The people's voice of reason

Tears and Laughter: Now is the time for a Alabama Lottery

Few of us knew before the new gas tax that the Alabama Legislature was capable of moving any bill through both houses and having it signed by the Governor in one week. Governor Ivey announced it on the Tuesday night she delivered the State of the State address, and the next Tuesday she signed that baby into law with people standing around protesting.

Governor Ivey has said in the past that she would like to give the people of Alabama the chance to vote on a lottery. Senator Jim McClendon (R) has filed an amendment that will allow just that.

It is past time, because personally I blame the four recent lightweight earthquakes around the Flomaton and Florida line to have been caused – in part – by all the extra traffic from Alabama hitting all the potholes on their way to Century, Florida to buy lottery tickets. Powerball is up.

I may buy a ticket or ten, but I don’t play Powerball in a meaningful way. The Mega Millions and Florida Lotto doesn’t draw me. I like the nightly Fantasy Five well enough, but…I consider the Pick 5 serious business. It is one of the daily lotteries. Players can pick 2, 3, 4, or 5 They have lower payouts, but better odds, and you can play twice a day. Which I do. Like many, many other Alabamians do too.

If you are in the Black Belt or southwest Alabama, you may go to “Atmore.” Everybody says they go to Atmore, but they are really going to McDavid, Florida. There is little divide between the two. Only a Florida state sign separates them. But Alabama doesn’t get any of that money. It all goes to help educate the children of Florida. It helps build them better schools and pays for community college so their young adults can get a skill and make a living.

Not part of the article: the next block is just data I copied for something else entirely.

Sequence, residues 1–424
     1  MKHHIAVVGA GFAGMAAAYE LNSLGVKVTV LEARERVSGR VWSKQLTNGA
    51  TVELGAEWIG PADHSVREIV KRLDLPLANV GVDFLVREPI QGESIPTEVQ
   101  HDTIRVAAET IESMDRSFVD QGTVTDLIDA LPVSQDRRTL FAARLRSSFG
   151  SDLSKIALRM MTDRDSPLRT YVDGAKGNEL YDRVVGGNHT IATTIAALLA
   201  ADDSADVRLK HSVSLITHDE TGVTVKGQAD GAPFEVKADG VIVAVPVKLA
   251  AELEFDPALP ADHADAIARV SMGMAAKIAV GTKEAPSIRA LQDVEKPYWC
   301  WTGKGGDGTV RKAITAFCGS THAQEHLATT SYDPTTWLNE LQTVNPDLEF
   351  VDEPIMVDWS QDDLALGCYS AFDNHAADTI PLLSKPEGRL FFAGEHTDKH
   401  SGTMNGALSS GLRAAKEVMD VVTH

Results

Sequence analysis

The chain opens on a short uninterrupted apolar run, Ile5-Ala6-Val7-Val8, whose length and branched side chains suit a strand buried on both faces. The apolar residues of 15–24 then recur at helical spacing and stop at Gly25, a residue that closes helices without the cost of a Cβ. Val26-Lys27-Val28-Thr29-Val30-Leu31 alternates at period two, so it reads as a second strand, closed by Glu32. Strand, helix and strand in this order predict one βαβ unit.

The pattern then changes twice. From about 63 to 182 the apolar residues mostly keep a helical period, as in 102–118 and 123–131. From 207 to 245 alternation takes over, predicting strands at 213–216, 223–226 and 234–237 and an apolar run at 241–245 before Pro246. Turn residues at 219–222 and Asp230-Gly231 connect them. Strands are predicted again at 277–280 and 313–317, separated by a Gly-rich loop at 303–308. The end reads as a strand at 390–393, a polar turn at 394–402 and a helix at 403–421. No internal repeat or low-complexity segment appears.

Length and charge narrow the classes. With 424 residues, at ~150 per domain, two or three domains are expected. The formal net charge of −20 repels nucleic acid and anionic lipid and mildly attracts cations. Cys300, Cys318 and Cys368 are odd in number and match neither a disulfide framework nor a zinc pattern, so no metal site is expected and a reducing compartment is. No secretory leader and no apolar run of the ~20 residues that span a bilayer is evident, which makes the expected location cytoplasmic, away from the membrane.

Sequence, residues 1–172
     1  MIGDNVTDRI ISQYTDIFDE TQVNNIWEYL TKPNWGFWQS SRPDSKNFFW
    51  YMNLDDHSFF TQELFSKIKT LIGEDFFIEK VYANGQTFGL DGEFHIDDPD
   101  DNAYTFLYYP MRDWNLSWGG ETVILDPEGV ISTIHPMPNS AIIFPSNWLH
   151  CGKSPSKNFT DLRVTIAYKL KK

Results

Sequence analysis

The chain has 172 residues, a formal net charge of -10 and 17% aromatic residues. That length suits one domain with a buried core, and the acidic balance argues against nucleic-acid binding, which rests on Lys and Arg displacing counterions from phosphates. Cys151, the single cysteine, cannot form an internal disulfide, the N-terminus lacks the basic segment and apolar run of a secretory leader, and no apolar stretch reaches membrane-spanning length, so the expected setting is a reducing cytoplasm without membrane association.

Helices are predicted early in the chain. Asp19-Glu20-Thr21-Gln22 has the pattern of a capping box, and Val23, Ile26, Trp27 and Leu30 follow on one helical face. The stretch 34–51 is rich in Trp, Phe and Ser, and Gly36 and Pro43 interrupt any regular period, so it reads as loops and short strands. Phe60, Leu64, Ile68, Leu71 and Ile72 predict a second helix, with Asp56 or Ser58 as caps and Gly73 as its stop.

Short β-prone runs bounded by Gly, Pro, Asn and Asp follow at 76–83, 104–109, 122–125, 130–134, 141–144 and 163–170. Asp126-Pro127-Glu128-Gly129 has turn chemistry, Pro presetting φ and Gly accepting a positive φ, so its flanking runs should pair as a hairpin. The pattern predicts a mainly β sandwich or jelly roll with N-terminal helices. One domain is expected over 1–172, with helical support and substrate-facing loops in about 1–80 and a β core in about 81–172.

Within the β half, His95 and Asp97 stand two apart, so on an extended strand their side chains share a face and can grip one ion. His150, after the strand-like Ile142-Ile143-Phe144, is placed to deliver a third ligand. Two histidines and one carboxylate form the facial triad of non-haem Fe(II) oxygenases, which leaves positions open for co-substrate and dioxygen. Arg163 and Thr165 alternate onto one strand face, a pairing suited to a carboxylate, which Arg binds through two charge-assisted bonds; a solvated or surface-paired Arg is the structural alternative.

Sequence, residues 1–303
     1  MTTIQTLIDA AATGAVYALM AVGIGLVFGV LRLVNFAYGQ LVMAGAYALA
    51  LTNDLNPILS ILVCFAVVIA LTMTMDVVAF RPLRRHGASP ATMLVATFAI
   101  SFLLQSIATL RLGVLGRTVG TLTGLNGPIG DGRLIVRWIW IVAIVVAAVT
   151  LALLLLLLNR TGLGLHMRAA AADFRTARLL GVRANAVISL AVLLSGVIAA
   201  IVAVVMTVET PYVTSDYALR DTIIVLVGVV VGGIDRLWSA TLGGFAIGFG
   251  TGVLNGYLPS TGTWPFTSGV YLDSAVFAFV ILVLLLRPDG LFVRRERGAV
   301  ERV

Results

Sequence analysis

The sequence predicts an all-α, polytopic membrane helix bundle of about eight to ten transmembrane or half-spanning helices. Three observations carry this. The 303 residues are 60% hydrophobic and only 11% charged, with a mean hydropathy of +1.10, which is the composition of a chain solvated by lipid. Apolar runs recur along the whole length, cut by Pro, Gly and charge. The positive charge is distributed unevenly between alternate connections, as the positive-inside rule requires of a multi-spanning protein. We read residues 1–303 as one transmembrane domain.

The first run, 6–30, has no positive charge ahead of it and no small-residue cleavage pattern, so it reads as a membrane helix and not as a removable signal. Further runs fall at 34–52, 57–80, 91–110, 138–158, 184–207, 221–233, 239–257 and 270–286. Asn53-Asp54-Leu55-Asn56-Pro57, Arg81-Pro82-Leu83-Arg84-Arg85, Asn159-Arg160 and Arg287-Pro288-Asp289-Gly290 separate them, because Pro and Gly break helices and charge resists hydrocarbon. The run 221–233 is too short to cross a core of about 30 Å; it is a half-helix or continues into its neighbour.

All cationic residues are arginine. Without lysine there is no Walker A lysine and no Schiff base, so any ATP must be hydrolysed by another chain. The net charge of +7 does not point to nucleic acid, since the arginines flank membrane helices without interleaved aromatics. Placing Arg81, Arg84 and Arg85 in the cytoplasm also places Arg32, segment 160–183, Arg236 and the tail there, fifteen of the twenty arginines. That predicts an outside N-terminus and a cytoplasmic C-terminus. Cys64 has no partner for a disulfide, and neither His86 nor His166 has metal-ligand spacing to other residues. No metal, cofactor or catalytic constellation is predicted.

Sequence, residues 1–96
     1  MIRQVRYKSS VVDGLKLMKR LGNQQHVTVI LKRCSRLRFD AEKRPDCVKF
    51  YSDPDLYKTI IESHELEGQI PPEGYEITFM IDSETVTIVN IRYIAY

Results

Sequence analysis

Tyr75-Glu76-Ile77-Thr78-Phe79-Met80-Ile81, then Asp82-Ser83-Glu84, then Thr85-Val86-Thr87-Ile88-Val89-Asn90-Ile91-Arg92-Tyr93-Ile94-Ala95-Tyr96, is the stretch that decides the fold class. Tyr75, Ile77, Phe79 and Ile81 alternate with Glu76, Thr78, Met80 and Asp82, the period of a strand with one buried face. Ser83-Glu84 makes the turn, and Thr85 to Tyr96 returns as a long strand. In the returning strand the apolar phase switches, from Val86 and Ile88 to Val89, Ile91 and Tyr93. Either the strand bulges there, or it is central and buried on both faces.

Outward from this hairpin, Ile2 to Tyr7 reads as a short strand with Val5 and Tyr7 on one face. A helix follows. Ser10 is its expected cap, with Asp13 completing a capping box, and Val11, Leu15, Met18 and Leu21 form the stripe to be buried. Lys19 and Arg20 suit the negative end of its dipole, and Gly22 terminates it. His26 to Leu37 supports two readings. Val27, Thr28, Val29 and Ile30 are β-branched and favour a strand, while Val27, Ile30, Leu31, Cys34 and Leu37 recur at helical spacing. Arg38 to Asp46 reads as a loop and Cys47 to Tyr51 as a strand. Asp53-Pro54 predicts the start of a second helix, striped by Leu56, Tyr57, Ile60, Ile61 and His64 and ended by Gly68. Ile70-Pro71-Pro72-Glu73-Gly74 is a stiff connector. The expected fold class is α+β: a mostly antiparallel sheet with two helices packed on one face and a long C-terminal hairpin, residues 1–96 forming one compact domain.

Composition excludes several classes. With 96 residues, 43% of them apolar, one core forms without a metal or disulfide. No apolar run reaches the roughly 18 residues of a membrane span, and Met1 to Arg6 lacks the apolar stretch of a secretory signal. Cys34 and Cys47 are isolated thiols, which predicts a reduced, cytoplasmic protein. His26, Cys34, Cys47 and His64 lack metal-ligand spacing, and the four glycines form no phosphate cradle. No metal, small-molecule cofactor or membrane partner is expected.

Alabamians will be going to Florida in droves this week because again, Powerball is always growing. People in other regions go to Georgia and

Tennessee with the same enthusiasm. And most folks who make the drive are also going to eat, some are going so far as to fill up their car with gas, and since Florida doesn’t have a tax on groceries, some people choose to save a little that way too. They spend that savings on lottery tickets.

A lot has changed since 1999 when voters were last given the chance to vote on a lottery. The referendum failed in a 54-46 percent vote.

Legislators have admitted that part of their hesitation in pushing forward with an Alabama Lottery has been an uncertainty as to what to do with the proceeds. As dumb as some of us are, and they aren’t sure what to do with revenue from a lottery. Even 20 years ago it was estimated that a lottery would generate at least $150 million a year.

Alabama wants a lottery and we do not want a lukewarm, watered-down, PG version of the lottery. We want more than Powerball, we want the freedom of choosing from the entire lottery menu.

Alabama welcomed 180 new hemp farmers to our agricultural community last month. They will join all the other farmers and ranchers already gambling.

There is no reason for the legislature not to give the people of Alabama the chance to vote on a lottery.

And now that we know how quickly and efficiently they can work in harmony together, it shouldn’t take any more than seven days to get those lottery balls going.

Amanda Walker is a contributor with, The Selma Times Journal, Thomasville Times, West Alabama Watchman, and Alabama Gazette. Contact her at or at


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